More than 10,000 nerve fibers provide pleasurable sensations to the human clitoris, according to a new Oregon Health & Science University study research presented at the joint scientific meeting of the Society for Sexual Medicine of North America and the International Society for Sexual Medicine.
This finding is the first known count of a human clitoris nerve fabrics. This is also about 20% more than the oft-cited estimate of 8,000 nerve fibers, which is believed to have been derived from animal studies.
Blair Peters, MD, assistant professor of surgery at the OHSU School of Medicine and a plastic surgeon specializing in gender-affirming care at OHSU’s Transgender Health Program, led the study and presented the findings. Peters obtained clitoral nerve tissue from seven adult transmasculine volunteers who had undergone gender-affirming genital surgery. Tissues were stained and magnified 1000 times under a microscope so that individual nerve fibers could be counted using image analysis software.
Nerves are made up of bundles of thin nerve fibers, also known as axons. Nerves that carry electrical impulses between the brain and the rest of the body—allow humans to sense and respond to stimuli such as touch.
The clitoris is the only known human organ whose sole purpose is pleasure. While the tip of its little shaft – the very sensitive part of the clitoris, also known as the head of the clitoris – is outside the body, most of the clitoris is inside. Beneath the surface is the spinal nerve, the main nerve responsible for feeling the clitoris. The spinal nerves are symmetrical, tube-like structures that run along the top of the shaft of the clitoris and then down either side like a lever.
Peters collected samples from one side of spinal nerve tissue, a small amount of which is usually cut off during a gender-confirming phalloplasty procedure. An average of about 5,140 dorsal clitoral nerve fibers were counted among the specimens. Knowing that the dorsal nerve is symmetrical, the average value was multiplied by two to give an estimate of 10,281 nerve fibers for the human clitoral dorsal nerve. Because the clitoris also has other, smaller nerves besides the spinal nerve, Peters pointed out that the human clitoris actually has more nerve fibers.
“It’s mind-boggling to think of more than 10,000 nerve fibers concentrated in something as small as the clitoris,” Peters said. “This is especially surprising when you compare the clitoris to other, larger structures in the human body. The median nerve, which runs through the wrist and hand and is involved in carpal tunnel syndrome, known for its high density of nerve fibers. Although the hand is many, many times larger than the clitoris, median nerve contains only about 18,000 nerve fibers, or less than twice as many nerve fibers as are packed into the much smaller clitoris.”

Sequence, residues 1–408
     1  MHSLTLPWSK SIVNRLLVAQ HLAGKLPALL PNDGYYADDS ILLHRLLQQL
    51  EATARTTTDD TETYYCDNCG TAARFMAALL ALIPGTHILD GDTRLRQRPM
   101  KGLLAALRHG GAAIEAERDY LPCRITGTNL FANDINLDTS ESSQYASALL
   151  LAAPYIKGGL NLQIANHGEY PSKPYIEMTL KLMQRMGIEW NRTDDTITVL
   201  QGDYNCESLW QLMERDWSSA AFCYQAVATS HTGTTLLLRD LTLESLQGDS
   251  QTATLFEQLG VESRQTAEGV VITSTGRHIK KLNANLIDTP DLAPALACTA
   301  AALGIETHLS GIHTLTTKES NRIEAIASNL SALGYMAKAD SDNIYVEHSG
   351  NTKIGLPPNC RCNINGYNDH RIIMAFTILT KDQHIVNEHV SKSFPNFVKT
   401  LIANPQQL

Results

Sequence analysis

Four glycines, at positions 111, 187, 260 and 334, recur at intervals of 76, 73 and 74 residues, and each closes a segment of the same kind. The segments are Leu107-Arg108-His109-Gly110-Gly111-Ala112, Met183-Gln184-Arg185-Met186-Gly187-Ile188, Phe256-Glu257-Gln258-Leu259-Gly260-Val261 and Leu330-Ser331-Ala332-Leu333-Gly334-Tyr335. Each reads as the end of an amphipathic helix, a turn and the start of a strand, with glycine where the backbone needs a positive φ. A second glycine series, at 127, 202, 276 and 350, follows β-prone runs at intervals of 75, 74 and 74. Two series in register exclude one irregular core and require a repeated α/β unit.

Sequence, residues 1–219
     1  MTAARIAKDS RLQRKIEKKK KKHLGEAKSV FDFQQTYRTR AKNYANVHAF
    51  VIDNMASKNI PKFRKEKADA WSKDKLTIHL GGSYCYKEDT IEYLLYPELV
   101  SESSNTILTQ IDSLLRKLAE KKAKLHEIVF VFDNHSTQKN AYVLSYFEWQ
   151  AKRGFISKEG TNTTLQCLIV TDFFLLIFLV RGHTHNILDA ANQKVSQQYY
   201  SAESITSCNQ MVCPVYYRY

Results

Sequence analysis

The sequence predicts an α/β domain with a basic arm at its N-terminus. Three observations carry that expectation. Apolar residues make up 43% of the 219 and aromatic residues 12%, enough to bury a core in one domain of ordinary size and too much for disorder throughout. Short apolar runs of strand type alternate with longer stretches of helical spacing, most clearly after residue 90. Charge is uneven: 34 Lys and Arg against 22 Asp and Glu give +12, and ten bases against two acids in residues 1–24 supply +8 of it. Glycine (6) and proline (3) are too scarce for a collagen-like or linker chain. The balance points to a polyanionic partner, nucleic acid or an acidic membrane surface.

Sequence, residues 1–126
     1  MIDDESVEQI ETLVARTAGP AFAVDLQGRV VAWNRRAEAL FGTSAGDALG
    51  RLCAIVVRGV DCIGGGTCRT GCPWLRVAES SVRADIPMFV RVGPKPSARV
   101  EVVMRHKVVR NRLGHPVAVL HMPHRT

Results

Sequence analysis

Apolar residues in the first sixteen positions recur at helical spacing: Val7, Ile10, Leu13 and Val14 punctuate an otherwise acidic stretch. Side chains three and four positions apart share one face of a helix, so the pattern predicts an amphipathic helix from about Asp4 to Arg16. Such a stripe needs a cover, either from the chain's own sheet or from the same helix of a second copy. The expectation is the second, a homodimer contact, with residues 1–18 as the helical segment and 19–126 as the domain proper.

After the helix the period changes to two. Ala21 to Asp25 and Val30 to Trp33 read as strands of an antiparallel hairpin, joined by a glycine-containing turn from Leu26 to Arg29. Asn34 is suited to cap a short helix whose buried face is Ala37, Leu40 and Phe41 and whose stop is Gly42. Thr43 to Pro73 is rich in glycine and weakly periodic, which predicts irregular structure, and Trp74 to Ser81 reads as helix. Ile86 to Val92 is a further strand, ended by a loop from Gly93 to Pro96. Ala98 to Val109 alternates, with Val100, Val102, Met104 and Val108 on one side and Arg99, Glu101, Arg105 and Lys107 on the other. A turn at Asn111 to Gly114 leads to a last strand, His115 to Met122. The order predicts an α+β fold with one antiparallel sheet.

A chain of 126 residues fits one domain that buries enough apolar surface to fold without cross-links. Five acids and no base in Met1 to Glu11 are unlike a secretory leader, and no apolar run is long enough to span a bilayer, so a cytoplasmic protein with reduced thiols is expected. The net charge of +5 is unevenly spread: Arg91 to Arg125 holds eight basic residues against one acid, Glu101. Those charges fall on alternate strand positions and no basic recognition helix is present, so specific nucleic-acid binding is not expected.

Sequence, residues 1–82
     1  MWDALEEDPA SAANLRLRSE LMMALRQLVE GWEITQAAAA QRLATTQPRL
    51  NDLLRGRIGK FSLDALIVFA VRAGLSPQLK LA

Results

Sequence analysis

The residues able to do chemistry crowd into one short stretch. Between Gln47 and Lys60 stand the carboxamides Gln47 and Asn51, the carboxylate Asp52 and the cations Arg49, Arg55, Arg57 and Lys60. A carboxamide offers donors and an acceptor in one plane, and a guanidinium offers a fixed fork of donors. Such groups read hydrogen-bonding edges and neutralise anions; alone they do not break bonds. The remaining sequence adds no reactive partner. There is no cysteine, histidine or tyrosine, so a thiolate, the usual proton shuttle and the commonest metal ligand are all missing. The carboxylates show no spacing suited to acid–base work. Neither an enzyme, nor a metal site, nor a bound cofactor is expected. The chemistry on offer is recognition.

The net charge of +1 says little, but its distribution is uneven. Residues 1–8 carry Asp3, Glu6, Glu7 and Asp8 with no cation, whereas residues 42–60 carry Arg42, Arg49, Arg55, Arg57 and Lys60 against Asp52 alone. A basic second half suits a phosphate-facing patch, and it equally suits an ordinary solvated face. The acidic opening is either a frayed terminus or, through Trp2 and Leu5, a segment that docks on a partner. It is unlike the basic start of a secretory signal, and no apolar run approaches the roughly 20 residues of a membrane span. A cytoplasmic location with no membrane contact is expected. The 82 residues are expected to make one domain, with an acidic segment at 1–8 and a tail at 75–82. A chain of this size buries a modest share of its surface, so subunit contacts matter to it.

While the penis is widely studied, the vulva, which includes the clitoris, labia majora, and labia minora, is understudied. Medical science has historically not paid much attention to the sexual function of people with vulvas, which has led to a significant gap in knowledge in the field of sexual health.
Peters is studying the clitoral nerves to improve the results of phalloplasty, which creates a new penis for transmasculine patients. He aims to use the findings to improve sensitivity in surgical patients by better selecting nerves to connect during phalloplasty procedures, as well as to develop new surgical techniques to repair damaged nerves.
The findings may also help reduce accidental nerve damage in patients undergoing a cosmetic procedure known as a lipoplasty, which reduces the size of the inner flaps of skin on either side of the vaginal opening.
“A better understanding of the clitoris can help everyone, no matter what they are gender identity, but it’s important to recognize that this research is only possible because of gender-affirming surgeries and transgender patients,” Peters said. “There is something profound about gender-affirming care becoming more commonplace and benefiting other areas of health care. . A rising tide lifts all boats. Oppressing or limiting transgender health care will harm everyone.”
Moving forward, Peters is also interested in learning and counting nerve fibers in the part of the penis that causes pleasure: the tip, which is also known as the head of the penis. This knowledge may improve clitoral design for gender-affirming genital surgery for transfeminine patients, and may help clinicians better understand the comparative neural structures between the clitoris and the penis.
In addition to the abstract presented today at the meeting, a more detailed paper explaining Peters’ research is undergoing peer review in a scientific journal.
The authors of the study are Peters, Maria Uloka, MD, of the University of California, San Diego, and E. Paige Isabi, MD, of the University of Manitoba. Matthew D. Wood, PhD, and Daniel A. Hunter, both of the University of Washington School of Medicine, assisted with nerve analysis in the study.
Maria Uloka, Paige Isabi, Blair Peters. How many nerve fibers innervate the human clitoris? Histomorphometric Evaluation of the Dorsal Clitoris Nerve Blair Peters Abstract 2:00 PM ET October 27, 2022 October 23rd annual joint scientific meeting of the Society of Sexual Medicine of North America and the International Society of Sexual Medicine, https://issmsmsna2022.org/program/program/?persons=4928&q=.
Oregon Health & Science University
Citation: Pleasure producing human clitoris has more than 10,000 nerve fibers (October 28, 2022) Retrieved October 28, 2022 from https://medicalxpress.com/news/2022-10-pleasure-producing-human- clitoris-nerve-fibers.html
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